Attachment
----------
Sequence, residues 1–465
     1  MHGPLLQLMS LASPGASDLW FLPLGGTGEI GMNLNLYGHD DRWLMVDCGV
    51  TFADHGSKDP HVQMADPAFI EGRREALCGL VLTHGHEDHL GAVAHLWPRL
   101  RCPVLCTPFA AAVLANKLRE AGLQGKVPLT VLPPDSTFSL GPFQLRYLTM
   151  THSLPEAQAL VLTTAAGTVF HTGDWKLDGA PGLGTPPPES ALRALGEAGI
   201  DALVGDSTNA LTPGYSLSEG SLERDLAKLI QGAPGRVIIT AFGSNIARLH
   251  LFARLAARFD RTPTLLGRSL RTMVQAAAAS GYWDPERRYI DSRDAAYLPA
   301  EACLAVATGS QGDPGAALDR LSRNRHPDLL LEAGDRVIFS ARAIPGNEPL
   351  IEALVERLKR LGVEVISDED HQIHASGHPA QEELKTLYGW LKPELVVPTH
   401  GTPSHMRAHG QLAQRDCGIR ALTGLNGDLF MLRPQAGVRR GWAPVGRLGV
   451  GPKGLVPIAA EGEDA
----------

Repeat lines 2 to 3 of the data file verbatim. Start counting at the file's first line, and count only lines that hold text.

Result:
     1  MHGPLLQLMS LASPGASDLW FLPLGGTGEI GMNLNLYGHD DRWLMVDCGV
    51  TFADHGSKDP HVQMADPAFI EGRREALCGL VLTHGHEDHL GAVAHLWPRL